Yeah, that $12 desoldering iron works great! It's not often things work as well as you think they will, let alone better than you think they will!

The solder I use is .062" diameter. Remember to place the tip of the iron so you are heating the solder pad and the leg of the chip on one side and then just touch the solder to the pad and chip leg from the other side (so you're melting the solder on the pad and leg and not on the tip of the iron) and it should flow right onto the pad and up the leg and make a nice Hershey kiss lookin' kinda thing for ya. If I recall correctly in just a couple spots there's some surface mount components kinda close to the solder pads - I always put the iron on the side opposite of those.

To accurately test the resistors you have to desolder one leg and pull it up. I wouldn't worry though, it seems these boards are well protected by the pico fuses and so far I think I've only seen one thread where someone had a bad resistor so the odds are they are good.

The pico fuses you can check in circuit - and do remember to check the ones on the G board!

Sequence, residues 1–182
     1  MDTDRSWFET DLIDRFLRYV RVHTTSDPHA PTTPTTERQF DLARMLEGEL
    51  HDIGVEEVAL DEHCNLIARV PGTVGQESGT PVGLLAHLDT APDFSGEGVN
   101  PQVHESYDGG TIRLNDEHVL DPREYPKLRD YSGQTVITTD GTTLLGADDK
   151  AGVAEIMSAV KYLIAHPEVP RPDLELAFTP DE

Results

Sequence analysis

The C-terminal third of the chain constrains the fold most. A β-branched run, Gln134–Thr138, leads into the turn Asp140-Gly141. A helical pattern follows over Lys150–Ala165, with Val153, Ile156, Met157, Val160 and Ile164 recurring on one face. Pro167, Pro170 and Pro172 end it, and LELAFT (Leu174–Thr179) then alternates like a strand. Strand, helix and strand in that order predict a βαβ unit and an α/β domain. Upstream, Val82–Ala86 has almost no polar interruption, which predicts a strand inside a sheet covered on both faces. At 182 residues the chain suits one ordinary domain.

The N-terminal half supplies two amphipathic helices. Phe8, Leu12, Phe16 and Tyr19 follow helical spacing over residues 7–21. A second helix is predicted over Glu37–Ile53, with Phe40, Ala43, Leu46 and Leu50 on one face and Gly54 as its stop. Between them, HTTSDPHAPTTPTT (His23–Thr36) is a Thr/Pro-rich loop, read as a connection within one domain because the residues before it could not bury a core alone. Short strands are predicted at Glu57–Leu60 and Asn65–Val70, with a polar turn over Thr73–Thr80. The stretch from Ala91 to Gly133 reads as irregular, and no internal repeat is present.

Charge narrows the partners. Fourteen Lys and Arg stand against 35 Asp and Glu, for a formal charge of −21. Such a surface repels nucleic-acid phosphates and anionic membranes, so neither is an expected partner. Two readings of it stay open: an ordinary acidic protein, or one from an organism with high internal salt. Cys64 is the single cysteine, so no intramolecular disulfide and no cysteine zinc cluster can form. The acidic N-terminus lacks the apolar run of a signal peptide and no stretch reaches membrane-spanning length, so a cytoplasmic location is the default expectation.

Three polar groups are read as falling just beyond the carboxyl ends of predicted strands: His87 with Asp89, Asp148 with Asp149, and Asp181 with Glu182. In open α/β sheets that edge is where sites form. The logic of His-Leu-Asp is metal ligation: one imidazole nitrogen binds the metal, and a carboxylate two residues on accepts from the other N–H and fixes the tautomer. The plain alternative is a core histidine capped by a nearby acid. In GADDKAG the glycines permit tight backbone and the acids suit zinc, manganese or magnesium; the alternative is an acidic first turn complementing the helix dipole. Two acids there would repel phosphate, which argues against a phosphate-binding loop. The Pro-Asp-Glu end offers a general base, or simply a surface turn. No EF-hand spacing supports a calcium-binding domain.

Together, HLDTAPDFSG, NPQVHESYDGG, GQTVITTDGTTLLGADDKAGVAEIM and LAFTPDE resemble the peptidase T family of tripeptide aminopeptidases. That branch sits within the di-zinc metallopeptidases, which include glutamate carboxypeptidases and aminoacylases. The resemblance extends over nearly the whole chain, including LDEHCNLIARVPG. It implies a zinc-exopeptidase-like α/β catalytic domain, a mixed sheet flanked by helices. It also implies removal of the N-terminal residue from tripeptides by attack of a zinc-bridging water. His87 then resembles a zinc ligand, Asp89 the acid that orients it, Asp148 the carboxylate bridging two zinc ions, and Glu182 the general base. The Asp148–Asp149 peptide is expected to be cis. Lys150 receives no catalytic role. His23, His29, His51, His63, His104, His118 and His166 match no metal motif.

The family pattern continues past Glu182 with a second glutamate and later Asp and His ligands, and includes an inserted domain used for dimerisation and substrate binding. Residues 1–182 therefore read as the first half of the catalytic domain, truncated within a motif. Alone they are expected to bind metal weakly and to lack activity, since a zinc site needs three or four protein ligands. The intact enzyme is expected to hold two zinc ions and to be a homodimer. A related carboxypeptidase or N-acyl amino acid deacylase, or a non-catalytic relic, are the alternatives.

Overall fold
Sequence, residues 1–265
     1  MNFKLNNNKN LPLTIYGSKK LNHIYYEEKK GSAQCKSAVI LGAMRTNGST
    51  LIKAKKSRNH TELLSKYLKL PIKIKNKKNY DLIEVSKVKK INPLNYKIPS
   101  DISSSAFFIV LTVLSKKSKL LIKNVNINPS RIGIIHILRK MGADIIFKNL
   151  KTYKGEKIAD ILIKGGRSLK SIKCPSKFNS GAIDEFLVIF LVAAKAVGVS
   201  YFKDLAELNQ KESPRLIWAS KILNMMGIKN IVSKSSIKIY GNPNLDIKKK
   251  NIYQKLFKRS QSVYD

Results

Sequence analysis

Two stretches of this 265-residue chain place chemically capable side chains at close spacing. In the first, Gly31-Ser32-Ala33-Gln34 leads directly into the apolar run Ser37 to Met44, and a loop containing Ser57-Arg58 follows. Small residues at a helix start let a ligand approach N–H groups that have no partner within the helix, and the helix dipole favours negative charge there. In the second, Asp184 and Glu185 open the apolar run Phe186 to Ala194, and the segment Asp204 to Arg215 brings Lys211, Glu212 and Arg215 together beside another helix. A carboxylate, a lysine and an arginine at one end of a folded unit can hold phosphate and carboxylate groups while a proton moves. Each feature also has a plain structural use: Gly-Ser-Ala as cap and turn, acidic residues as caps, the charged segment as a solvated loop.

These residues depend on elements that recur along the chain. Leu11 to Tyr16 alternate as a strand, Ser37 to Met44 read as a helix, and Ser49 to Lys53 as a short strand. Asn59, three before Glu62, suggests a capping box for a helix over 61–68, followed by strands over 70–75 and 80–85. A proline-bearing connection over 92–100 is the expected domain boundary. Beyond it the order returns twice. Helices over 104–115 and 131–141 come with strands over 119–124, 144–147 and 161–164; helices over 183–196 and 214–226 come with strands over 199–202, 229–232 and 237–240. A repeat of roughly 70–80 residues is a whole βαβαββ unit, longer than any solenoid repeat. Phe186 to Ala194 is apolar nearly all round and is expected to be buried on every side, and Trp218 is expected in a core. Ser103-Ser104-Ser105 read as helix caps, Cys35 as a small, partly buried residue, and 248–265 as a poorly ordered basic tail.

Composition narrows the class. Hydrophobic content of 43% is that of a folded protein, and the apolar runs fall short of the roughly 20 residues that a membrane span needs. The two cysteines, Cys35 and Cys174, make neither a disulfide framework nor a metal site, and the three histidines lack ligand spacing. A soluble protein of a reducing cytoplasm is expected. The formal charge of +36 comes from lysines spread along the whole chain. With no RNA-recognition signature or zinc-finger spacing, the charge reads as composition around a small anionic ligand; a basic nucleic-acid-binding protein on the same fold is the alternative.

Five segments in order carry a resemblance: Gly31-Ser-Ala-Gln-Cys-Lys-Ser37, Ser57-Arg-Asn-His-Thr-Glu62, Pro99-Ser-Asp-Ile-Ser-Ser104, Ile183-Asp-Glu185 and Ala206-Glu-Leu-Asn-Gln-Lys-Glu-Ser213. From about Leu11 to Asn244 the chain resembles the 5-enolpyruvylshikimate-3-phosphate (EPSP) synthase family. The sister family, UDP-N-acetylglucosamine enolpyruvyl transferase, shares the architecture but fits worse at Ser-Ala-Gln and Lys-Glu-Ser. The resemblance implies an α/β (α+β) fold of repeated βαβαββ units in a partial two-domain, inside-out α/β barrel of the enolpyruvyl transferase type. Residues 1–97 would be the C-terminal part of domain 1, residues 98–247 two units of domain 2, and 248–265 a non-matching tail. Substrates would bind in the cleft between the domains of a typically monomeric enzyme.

To remove the old heat sink compound I use a utility knife blade by it's self = just place it flat across the heat sink and at about 45 degrees tilt and try and scrape off as much as you can. Then I use alcohol and a paper towel to wipe off the residual.

The right amount of heat sink grease is "just enough". Clear as mud, eh? ;-> You want enough to completely cover the back but you don't need it very thick - just a thin layer and just enough to cover the entire back of the chip completely. Too much grease can actually decrease the thermal transfer. I tighten the mounting screws down "firmly" I dunno how yours were but mine were just barely "snug" from the factory, they were almost what I would call "loose".

It sounds like you are on your way! I'm betting we'll have a "wooo hooo it works!" post tomorrow night!

Take care, good luck - keep us posted!

Steve
 

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Here is side by side the JVC 48" (behind), and the big daddy 57" Sony in front. I couldn't beleive how big this thing was until I got it in the room. A monster compared to the JVC. But, better in my room than in the scrap yard or someone else's.



Uploaded with ImageShack.us

The soldering was a success. It was not that difficult after viewing many videos online. Tested the 2 fuses on the other board, they read OK. So it was just the chips I guess since it is working flawlessly. Also, I noticed when taking out one of the SDK's that 3 pins looked overheated and burnt. Maybe that is where it failed.


Seriously, I did not time the picture for a football picture. It just happened. .